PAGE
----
As we begin to get closer to the Easter season, you may hear people talk about what they will be giving up for Lent this year. For many people, Lent is something that they’ve heard about but if they don’t attend a church that observes Lent, they may not truly understand. Contrary to popular belief, Lent is not a season that is only observed by Christians who attend a Catholic church. Instead, it is a solemn season that allows believers across all denominations to prepare themselves for the celebration of our Savior’s resurrection.
Is Lent Mentioned in the Bible?
There is no specific mention of Lent anywhere in the Bible. In fact, Lent was not formally observed until the first Council of Nicaea in the year 325. However, the fact that Lent is not explicitly mentioned in the Bible does not mean that Christians should avoid the observance today. There is no Bible verse that mandates that we celebrate the birth of Christ on December 25, but Christians all around the world use that day to commemorate God becoming flesh. Lent is another opportunity for Christians to adjust their focus onto the things that God has done for His people.
What if My Church Doesn’t Celebrate Lent?
Even though Lent was originated by the Catholic church many centuries ago, many Protestant churches have adopted some Lenten practices themselves. However, Lent can be observed by the individual believer, even if their home church doesn’t participate at all. Even though Lent is not a purely Catholic observation, some Protestant churches have decided to steer clear of it altogether. If you want to observe Lent, that is a decision that is between you and God. As you begin to understand what Lent is about and how to prepare for it, you can be better informed on making your own decisions about Lent.
What is Lent?
Lenten season is the 40 days leading up to Easter Sunday. Lent officially starts on Ash Wednesday and ends on Holy Thursday. Christians around the world use this 40-day window as an opportunity to spend time in personal reflection about their own faith (which we are commanded to do in 2 Corinthians 13:5) as they prepare to celebrate the Resurrection. Lent is typically observed through a lot of prayer, fasting and self examination.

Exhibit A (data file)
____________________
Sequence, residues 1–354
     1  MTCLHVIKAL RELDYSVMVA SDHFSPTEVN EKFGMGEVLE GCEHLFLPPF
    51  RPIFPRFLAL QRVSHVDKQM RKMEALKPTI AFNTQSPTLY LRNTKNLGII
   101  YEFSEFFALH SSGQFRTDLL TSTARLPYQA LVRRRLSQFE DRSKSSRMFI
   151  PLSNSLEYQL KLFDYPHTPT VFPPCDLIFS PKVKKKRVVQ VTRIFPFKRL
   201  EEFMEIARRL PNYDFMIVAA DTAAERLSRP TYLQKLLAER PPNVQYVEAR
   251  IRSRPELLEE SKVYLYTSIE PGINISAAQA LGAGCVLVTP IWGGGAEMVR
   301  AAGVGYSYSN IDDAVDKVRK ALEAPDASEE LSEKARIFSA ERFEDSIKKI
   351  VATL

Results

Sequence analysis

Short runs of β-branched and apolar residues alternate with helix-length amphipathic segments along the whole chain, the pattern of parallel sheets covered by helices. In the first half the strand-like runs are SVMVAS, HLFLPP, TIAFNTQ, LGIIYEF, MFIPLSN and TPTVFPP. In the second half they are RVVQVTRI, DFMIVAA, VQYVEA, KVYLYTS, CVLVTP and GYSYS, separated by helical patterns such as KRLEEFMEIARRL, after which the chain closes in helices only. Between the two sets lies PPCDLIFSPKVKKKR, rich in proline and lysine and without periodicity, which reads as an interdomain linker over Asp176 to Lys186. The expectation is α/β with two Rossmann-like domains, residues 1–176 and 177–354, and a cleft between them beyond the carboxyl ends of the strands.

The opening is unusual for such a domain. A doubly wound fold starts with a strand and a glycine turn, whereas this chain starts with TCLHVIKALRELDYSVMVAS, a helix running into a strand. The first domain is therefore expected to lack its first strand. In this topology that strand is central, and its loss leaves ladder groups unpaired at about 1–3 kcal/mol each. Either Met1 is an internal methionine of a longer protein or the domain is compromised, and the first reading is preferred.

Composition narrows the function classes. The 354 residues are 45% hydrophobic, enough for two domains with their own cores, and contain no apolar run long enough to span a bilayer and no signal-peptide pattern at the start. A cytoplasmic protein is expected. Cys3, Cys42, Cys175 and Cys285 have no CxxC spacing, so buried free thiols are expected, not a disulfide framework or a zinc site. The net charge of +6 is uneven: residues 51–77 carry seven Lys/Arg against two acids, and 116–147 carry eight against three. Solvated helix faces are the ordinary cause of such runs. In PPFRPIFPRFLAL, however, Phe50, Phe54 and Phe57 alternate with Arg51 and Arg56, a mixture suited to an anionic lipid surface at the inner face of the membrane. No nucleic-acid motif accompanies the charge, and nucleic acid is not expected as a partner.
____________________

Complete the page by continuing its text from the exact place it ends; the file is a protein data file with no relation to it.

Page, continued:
How Do I Prepare for Lent?
As is the case for all decisions that a Christian makes, preparing for Lent should involve a great deal of prayer. Since Lent is an observation that culminates with the Easter celebration of Christ’s Resurrection, you can also spend time reading and mediating on the Gospel accounts of His arrest, crucifixion and Resurrection.
As you prepare for Lent, allow yourself to be completely amazed all over again by the power that Christ displayed over death and the grave. Allow Him to minister directly to you through prayer and His word as we enter this sacred season.
How Do I Celebrate Lent?
Even though the earliest observations of Lent included some very strict dietary practices, most churches have started allowing each believer to make his or her own decisions about how to observe it. Ultimately, Lent isn’t about how you choose to observe it as much as it’s about why you’re observing it.
Most Christians who take part in Lent fast during the 40 day period. Obviously, it would be unwise to give up all food for such a long time, so most people simply put dietary restrictions in place. For instance, if you love eating red meat, you may commit to removing it from your diet during the Lenten season. Other examples include giving up sweets, a favorite beverage or some other staple of your diet. It is important to remember that fasting doesn’t mean that you have to give up all food and drink; fasting is simply the act of sacrificing something that you like for a set amount of time as you draw closer to God.
As is the case with all fasting, it should be accompanied by prayer. During the Lenten season, Christians spend even more time than usual in prayer. Prayer gives you the opportunity to speak directly to God and allows Him to speak back to you through the Holy Spirit and His word. As you spend more time talking to God, you will begin to realize things in your life that may be standing in the way of a closer walk with Him.
It is also not uncommon for Christians celebrating Lent to give themselves to good works during this time. What this looks like varies significantly between believers. For instance, if there is a local soup kitchen in your town, you may commit to volunteering once a week. If there is a place in your community that distributes clothing to the less fortunate, you may go through your closet and donate. Again, this element of Lent is more about why you’re participating than how you do so.
Lent is a wonderful opportunity for Christians to refocus on the Resurrection that is the basis for our salvation (1 Corinthians 15:14). How you choose to observe the Resurrection is completely up to you. Whether you choose to fast, spend extra time in prayer or spend the 40 days more committed to good works, the important part is that you are focusing on the miracle of Christ’s triumph over the grave.
A Closing Prayer:
Lord, as we enter into this season of celebration, I’m asking You to help me get closer to You. Show me the things that I should give up as a means of fasting. Help me to be drawn even deeper into prayer and show me opportunities to show Your love to others in my community. I’ve heard the story of Christ’s Resurrection countless times, but I want the whole story to be made new to me again this year. Help me to move closer to You during this time. In Christ’s name I pray, Amen!